If the Apocalypse should ever come and we should have to dine solely from the contents of my cupboards without access to Village Market or Whole Foods, here’s what our diet might consist of: Water chestnuts; coconut milk; a package of honey-glazed Buffalo Jerky from a company called Climax Jerky whose slogan is “Reach Your Peak” (it was a gift, but I won’t name names); a box of Pfanni-brand soup dumpling mix whose instructions are entirely in German and whose sell-by date, stamped on the bottom, is April 2009; a package of very expensive Beluga lentils whose cooking instructions are also in German; a tiny jar of creme of porcini mushrooms with white-truffle-something whose label is entirely in Italian; tubes of wasabi paste, anchovy paste, and concentrated Roma tomato paste; sel de provence, fleur de sel de Guérande, smoked sea salt, and Himalayan Pink Salt, which originated from Marine fossils over 200 millions years ago, according to the label; and two apparently unused jars of juniper berries.
All of these obscure, esoteric, and exotic items I have in my cupboards, yet over the weekend when I decided to cook an entire menu out of Yotam Ottolenghi’s amazing cookbook Jerusalem, I was yet again confronted with the aggravating dilemma that plagues anyone who loves to cook out of ethnic cookbooks: The Thing You Don’t Have.
I discovered Jerusalem at a dinner party months ago, when someone served an absolutely show-stopping beet-and-walnut salad. It was so good I was afraid to ask for the recipe. I thought it must be someone’s grandmother’s secret heirloom recipe passed down in the family just to intimidate dinner guests who thought they already knew a thing or two about cooking. The hostess, however, was kind enough to reveal page 73 of Jerusalem as the source. I was in fact able to reproduce it pretty well, though it turned out that the key to that show-stopping depth of flavor was a combination of tamarind water, walnut oil, and pomegranate seeds.
Did I mention that there are also now nearly-full jars of tamarind water and walnut oil in my larder?
When confronted with the presence of The Thing You Don’t Have in a recipe, I always run through a whole decision tree that goes like this: Where is the nearest Hungarian/Mongolian/Kenyan/Filipino grocery store? How large a container of this Elusive Thing am I going to need to buy in order to get the one teaspoon of it this recipe calls for? What are the chances that I will ever again use this Elusive Thing in a recipe before the Apocalypse comes? (Oh, did I mention an enormous jar of spiced preserved lemons that took up residence in the back of the refrigerator five years ago?) Is anyone going to notice if I make the recipe and leave this Elusive Thing out of it? How loudly is Mr. Darcy going to sigh when I come home with another pricey container of something whose label is in a language neither of us can read? How badly do I want to make this recipe, anyway?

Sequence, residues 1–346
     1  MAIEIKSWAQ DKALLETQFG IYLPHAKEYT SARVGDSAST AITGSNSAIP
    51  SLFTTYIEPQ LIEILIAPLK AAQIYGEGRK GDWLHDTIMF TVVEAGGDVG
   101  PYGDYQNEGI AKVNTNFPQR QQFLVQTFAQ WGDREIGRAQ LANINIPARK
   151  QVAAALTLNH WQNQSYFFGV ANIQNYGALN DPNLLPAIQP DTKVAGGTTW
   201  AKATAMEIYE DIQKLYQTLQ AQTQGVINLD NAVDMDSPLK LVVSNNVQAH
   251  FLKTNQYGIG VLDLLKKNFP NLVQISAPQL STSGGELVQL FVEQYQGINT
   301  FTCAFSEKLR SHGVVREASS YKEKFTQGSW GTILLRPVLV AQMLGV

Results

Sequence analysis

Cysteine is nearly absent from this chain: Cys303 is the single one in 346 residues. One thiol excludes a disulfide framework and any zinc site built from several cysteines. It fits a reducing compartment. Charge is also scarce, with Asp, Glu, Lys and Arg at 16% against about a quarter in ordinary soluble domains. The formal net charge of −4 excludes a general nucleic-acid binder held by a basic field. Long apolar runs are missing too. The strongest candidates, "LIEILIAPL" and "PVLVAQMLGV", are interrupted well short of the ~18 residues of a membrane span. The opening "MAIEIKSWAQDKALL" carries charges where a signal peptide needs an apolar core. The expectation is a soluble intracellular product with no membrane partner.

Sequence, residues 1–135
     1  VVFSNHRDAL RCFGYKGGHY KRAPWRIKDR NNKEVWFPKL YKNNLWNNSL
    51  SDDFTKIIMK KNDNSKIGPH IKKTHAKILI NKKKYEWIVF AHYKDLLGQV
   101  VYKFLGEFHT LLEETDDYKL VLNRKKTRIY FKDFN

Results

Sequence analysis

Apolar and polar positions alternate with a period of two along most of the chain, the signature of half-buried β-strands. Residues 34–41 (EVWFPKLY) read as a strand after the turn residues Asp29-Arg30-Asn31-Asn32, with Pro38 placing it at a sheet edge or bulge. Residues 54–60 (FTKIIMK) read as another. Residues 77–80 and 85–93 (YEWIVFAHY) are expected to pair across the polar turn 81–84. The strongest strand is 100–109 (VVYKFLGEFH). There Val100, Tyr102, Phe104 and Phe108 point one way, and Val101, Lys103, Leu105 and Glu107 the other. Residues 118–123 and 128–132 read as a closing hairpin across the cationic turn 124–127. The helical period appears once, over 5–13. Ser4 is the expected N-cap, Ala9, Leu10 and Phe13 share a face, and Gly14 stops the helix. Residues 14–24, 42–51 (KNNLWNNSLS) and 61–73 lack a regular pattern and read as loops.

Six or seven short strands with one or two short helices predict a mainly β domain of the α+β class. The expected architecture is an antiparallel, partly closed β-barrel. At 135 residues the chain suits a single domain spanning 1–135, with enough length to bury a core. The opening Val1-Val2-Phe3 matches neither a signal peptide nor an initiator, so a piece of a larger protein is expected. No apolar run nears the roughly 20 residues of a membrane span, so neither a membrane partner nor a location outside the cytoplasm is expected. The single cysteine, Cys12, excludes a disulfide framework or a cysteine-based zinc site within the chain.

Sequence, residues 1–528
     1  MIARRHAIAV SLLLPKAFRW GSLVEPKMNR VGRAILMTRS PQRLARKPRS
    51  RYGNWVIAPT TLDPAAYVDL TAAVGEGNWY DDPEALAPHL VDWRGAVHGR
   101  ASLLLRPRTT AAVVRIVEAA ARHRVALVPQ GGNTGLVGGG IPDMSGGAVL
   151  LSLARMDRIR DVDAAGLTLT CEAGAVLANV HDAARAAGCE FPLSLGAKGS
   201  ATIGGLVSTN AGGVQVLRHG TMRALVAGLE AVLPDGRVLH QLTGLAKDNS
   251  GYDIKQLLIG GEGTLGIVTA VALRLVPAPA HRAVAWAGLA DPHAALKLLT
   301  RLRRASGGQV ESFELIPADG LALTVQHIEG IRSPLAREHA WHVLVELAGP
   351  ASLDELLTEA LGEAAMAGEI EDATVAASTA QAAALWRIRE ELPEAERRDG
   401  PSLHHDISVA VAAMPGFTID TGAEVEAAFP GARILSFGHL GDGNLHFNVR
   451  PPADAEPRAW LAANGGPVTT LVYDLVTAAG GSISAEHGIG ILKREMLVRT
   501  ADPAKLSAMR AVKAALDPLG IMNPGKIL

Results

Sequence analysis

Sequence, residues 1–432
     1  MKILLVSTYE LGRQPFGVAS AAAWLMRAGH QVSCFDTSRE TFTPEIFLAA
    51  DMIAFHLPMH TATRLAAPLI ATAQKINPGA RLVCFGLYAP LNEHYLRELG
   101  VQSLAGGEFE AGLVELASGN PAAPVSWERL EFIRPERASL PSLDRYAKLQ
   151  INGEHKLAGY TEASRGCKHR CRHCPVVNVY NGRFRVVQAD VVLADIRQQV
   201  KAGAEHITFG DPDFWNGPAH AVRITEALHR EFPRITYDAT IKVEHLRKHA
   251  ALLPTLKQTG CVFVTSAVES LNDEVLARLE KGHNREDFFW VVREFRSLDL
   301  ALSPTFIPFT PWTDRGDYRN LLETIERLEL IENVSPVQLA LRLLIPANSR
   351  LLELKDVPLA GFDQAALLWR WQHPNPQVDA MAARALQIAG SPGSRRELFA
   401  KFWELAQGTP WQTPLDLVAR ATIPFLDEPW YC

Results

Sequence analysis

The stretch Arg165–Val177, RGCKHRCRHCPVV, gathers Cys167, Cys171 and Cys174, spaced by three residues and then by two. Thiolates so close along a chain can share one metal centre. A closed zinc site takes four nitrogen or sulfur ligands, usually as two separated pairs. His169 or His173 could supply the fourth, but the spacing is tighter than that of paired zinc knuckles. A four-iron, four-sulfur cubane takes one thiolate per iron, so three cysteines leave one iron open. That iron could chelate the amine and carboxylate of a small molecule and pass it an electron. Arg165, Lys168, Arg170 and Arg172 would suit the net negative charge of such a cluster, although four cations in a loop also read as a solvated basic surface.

The thing about Yotam Ottolenghi, though, is that I really trust him. I have absolute faith that he puts a teaspoon of this and a tablespoon of that into the recipe for a reason, and that like animating a wizard’s potion with a bit of Dragon’s Tooth or an Eye of Newt, these are the ingredients that will actually make the dishes magical. And I really, really, really wanted to make Puréed Beets with Yogurt and Za’atar, from page 53, which requires exactly one tablespoon of said za’atar. (If you don’t know what za’atar is, it’s a spice mix of dried hyssop leaves, ground sumac, toasted sesame seeds, and salt, which Ottolenghi describes as “almost as one with the smell of goats’ dung, smoke from a far-off fire, soil baked in the sun, and–dare we say it–the healthy dose of sweat that is the inevitable result of hiking around Jerusalem.” So, you know, just substituting oregano probably wasn’t going to do the trick.
Luckily, my proximity to Chicago puts me within fairly easy reach of every possible kind of ethnic grocery store imaginable. The problem, at the Middle Eastern place I went to, was that za’atar only came in giant sacks–and though I might have been willing to try to sneak that one thing alone past Mr. Darcy, I also needed a tablespoon of sumac–available only in the same size bag–and 1 1/2 tablespoons of date syrup, which comes in a giant $6 jar. Altogether, this would have amounted to $14 of mostly-to-be-wasted ingredients I didn’t think I could justify, even to myself.
I was about to surrender the whole plan and just make stuffed peppers when another woman who was poking around the store who had overheard me discussing my dilemma with the store clerk stepped in. She said her family originally came from Jordan but had lived all over the Middle East, and she was just now beginning to cook for herself and remembered all these ingredients as having been essential to the flavors of the dishes she loved. Would it be possible, she asked the store clerk, for him to open the bags of spices and sell half of each to her, and let me have the other half?
Then she and I just stood in the olive oil aisle chatting away for ten minutes or so while the store clerk opened the bags and poured half of each into a plastic container. When we paid he swore both of us to secrecy. “I’m not supposed to do this kind of thing,” he said. “Don’t come back and tell my manager somebody did this for you or he’ll kill me.”
“As far as I’m concerned, it never happened,” I said, grinning. “But now I’m going to be your customer for life.”
Listen, Diary: the Puréed Beets were everything I hoped for, and more. So were the Turkey & Zucchini Burgers with Green Onion & Cumin, which had required that tablespoon of sumac in the tangy yogurt dressing.
I’m pretty sure I’ll be making both of them again–hopefully again and again–and every time I whittle down my stores of za’atar and sumac by yet another tablespoon, I’ll think about that woman from Jordan who took the other half of my spices, and wonder what she’s cooking up with hers.